IGS 1854 (2) Hazara 1891, Samana 1891 (4624 Sergt. R. J. Kensdale, 1/K.R.R.C.), an official 'Warren Hastings' replacement issue;
IGS 1895 (1) Relief of Chitral 1895 (4624 Color Sergt. R. Kensdale, 1st Bn. K.R. Rifle Corps), minor official correction to unit;
QSA (1) DoL (4624 Cr. Serjt. R. Kensdale, K.R.R.C.);
1914-15 Star (15661 S. Mjr. R. J. Kensdale, R. Innis. Fus.);
British War and Victory Medals (Q.M. & Lieut. R. J. Kensdale);
Coronation 1902, bronze;
Army LS&GC EdVII E.VII.R. (4624 C. Sjt. R. J. Kensdale, K.R.R.C.)
Roland James 'Ro' Kensdale was born in Clapham, Surrey on 8 January 1869 and enlisted in the King's Royal Rifle Corps direct from the 2nd Royal Surrey Militia in August 1888.
Posted to the 1st Battalion, he enjoyed rapid advancement, being appointed Corporal in January 1890 and Sergeant in June 1890. Embarked for India in the same year, he quickly witnessed active service with the Miranzai Field Force, 1st K.R.R.C. participating in the Hazara and Samana operations and taking its first casualties at Tsalai in mid-April 1891 (Medal & 2 clasps).
Promoted to Colour-Sergeant in 'A' Company in February 1895, Kensdale next witnessed active service in the Relief of Chitral operations, including the action in the Malakand Pass in April (Medal & clasp). He was subsequently among those embarked in R.I.M.S. Warren Hastings in December 1896, a voyage that famously ended on the rocks off the Island of Reunion on 14 January 1897: all ranks present were commended for their 'remarkable courage and exemplary discipline' by the G.O.C.
Embarked for England to attend a Musketry course, Kensdale returned to South Africa in late 1899 but was not present at Talana, 'A' Company, 1/K.R.R.C. being kept in reserve. He was however present at the defence of Ladysmith and was severely wounded in the action at Farquhar's Farm on 30 October 1899, suffering the loss of his left eye. By good fortune, as cited above, he was evacuated to Intombi Spruit Hospital, his younger brother, Bandsman Alfred W. G. 'Al' Kensdale, also of 1st K.R.R.C., having had him removed from the 'dead cart'. He survived and was evacuated home in the S.S. Cheshire.
Following treatment at The Royal Victoria Hospital, Netley, Kensdale was posted to the 14th Provisional Battalion and was awarded the Coronation Medal in 1902 (T.N.A. WO 100/111 refers). Later still, on secondment to the 1st London Rifle Volunteers, he was awarded the L.S. & G.C. Medal in AO 2 of 1907. In the following year he was appointed Regimental Sergeant-Major to the 5th (City of London) Battalion, The London Regiment, in which capacity he served until being discharged in September 1910.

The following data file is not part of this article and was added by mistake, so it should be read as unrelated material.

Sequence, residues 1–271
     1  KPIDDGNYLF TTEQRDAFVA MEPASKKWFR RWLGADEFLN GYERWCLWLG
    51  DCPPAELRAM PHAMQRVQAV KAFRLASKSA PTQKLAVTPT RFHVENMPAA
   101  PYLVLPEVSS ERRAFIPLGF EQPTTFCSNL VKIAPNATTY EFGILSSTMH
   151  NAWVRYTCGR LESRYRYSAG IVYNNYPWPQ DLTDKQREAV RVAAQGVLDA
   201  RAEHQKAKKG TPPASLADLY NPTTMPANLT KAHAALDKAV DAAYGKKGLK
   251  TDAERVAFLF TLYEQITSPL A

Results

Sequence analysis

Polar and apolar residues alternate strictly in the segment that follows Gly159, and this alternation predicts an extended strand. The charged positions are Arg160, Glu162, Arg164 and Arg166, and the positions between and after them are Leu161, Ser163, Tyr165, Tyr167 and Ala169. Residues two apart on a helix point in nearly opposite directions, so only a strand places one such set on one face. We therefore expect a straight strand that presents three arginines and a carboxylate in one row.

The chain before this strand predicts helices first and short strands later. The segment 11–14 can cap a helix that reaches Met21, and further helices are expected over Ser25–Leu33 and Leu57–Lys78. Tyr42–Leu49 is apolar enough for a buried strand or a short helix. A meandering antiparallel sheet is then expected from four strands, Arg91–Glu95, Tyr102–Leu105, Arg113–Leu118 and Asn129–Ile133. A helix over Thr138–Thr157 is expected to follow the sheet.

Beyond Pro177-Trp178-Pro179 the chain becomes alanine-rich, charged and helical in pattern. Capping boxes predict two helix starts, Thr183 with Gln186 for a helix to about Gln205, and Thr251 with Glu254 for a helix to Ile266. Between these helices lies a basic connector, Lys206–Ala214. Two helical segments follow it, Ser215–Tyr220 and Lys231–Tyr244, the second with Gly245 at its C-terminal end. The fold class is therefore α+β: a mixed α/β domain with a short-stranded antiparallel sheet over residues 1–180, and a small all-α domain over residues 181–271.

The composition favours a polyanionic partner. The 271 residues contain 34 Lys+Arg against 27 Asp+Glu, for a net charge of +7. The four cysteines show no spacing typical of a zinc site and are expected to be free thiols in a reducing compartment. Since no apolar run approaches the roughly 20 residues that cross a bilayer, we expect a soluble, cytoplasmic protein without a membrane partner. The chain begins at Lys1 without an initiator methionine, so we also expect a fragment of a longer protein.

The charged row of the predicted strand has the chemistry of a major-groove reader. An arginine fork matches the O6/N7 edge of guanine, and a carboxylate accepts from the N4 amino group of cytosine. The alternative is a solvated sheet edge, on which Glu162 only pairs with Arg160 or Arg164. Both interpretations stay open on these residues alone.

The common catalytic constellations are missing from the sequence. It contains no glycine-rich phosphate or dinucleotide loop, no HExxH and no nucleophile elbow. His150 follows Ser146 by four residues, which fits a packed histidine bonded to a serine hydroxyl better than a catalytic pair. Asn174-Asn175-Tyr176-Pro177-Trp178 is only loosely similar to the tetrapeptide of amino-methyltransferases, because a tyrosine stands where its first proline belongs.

Settling in Pimlico, London, he gained employment as a Commissionaire at India House, which occupation was curtailed by his enlistment in the Royal Inniskilling Fusiliers on the outbreak of hostilities in August 1914. His previous military background having led to his rapid appointment as R.S.M. to the 10th (Service) Battalion, he went to France in October 1915, where he undoubtedly witnessed much action: the Battalion went over the top on the First day of the Somme.
In mid-August 1916, Kensdale was commissioned Hon. Lieutenant and Quarter-Master in the 10th (1st Gwent) Battalion, South Wales Borderers, and he remained in the Field until being invalided home with trench fever in September 1917.
On his recovery, he was ordered to report for duty at the Royal Flying Corps School of Navigation and Bomb Dropping at Amesbury, Wiltshire, where he remained employed until compelled to relinquish his commission on account of ill-health in May 1918. He was awarded the Silver War Badge (T.N.A. WO 329/3249-OFF/981 refers).
So ended a remarkable career of active service, spanning some 30 years, a career made possible by the actions of his younger brother back at Farquhar's Farm in October 1899. 'Ro' Kensdale died at Faversham, Kent on 15 February 1961; sold with an extensive file of copied research from which the above biographical entry has been taken.